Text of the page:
Your work is not finished once the standard operating procedure is written! In order for it to remain relevant and useful, you must maintain and update it at least once per year.

Tips for Writing SOPs

  • Involve workers: people support what they help create
  • Revise when needed, they should be living documents
  • Use clear, simple language
  • Post SOPs in the workplace, try using plastic sheet protectors
  • Make flowcharts for free, or use Microsoft’s Powerpoint

Implementing SOPs

  • Planning: Think about the steps that are currently done to complete the process. How is it done? Why is it done that way? How will an SOP improve the process? How will you measure performance?
  • First Draft: Make a detailed list of the steps in the order that they are done. This list is now a draft of the procedure.
  • Internal Review: Get input from all workers who now perform the procedure. Give them your first draft but make sure they know that it will still change. Revise the procedure as necessary.
  • External Review: Involve your technical advisors such as your veterinarian, nutritionist, or extension agent; they can give you advice about the best way to do each step. Revise the procedure as necessary.
  • Testing: Test the procedure by doing each step exactly as it says. Have a person not familiar with the work follow the procedure. Revise as necessary.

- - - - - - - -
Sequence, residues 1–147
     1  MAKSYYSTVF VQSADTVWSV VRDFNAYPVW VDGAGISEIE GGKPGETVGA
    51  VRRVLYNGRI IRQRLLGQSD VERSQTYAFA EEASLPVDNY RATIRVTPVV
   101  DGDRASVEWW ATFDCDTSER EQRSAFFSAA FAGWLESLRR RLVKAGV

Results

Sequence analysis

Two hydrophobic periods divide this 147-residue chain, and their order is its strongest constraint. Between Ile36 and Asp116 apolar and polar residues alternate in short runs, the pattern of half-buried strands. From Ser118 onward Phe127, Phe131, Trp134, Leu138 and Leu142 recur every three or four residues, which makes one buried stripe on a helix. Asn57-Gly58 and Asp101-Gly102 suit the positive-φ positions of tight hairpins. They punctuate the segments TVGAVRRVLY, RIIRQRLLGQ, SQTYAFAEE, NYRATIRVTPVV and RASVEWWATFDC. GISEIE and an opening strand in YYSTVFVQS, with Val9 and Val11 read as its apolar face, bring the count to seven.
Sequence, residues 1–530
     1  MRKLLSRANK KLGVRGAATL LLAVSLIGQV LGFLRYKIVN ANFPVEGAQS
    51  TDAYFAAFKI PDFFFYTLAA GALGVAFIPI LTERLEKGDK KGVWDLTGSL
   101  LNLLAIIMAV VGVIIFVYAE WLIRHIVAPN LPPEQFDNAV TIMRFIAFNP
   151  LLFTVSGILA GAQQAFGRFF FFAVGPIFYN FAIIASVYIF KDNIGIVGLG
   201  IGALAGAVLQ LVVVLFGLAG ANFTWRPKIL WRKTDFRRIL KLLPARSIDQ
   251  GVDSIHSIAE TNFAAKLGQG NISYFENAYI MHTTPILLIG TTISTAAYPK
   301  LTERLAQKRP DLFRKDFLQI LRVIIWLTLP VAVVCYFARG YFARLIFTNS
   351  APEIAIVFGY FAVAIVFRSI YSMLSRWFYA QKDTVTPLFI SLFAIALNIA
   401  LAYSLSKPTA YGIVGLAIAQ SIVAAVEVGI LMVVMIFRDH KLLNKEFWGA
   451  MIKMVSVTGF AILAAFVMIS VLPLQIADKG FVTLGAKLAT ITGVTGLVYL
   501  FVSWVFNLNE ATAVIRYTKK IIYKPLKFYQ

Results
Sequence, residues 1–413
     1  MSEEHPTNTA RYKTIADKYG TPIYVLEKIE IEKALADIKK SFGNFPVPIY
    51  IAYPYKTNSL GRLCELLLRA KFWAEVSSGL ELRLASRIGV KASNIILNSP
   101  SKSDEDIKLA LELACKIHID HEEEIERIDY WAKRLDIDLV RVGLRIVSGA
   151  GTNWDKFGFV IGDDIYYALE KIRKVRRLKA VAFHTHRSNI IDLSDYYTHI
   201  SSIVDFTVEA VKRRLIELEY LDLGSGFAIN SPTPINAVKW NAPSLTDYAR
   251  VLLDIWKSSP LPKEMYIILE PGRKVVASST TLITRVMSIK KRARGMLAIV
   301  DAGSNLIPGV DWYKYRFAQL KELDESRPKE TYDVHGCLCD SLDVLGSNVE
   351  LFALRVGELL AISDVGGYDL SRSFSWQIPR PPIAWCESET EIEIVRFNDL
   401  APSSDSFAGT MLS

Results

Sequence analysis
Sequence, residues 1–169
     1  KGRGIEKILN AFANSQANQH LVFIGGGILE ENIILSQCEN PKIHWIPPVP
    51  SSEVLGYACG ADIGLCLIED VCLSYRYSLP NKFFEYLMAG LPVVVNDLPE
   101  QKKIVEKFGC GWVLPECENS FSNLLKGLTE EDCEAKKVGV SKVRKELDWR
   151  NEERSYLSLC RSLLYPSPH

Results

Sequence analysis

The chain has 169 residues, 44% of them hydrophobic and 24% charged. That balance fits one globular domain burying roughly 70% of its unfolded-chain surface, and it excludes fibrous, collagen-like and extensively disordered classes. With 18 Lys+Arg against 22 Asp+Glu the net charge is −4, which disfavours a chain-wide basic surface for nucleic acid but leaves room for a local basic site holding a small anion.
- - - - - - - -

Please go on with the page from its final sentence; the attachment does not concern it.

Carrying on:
• Posting: Make a final draft of the procedure and post in the workplace.
  • Training: Train or re-train everyone as necessary to follow the procedure exactly.

Sample E-commerce Logistics SOP


1. Collecting of loads from co-loader/Transport.

2. Tallying of loads with the E-file received from origin

3. Segregation of loads as per route plan with FIFO.

4. Uploading of loads route wise in the system.

5. Handing over of shipments to delivery staff with printed DRS in duplicate. Also undelivered shipments for re-attempt as per telecalling confirmation.

6. Receipt/signature of shipments with details of total cash to be collected.

7. Telecalling and confirmation from COD customers to ensure availability with COD amount.


1. Tallying of Delivery Run sheets.

2. Tele checking of undelivered shipments.

3. Uploading of pods.

4. Receipt of cash versus delivery.

5. Uploading of details of undelivered shipments with reason.

6. Tele calling for undelivered shipments for re-attempt.

7. RTO as per TAT and set policy.

Management Basics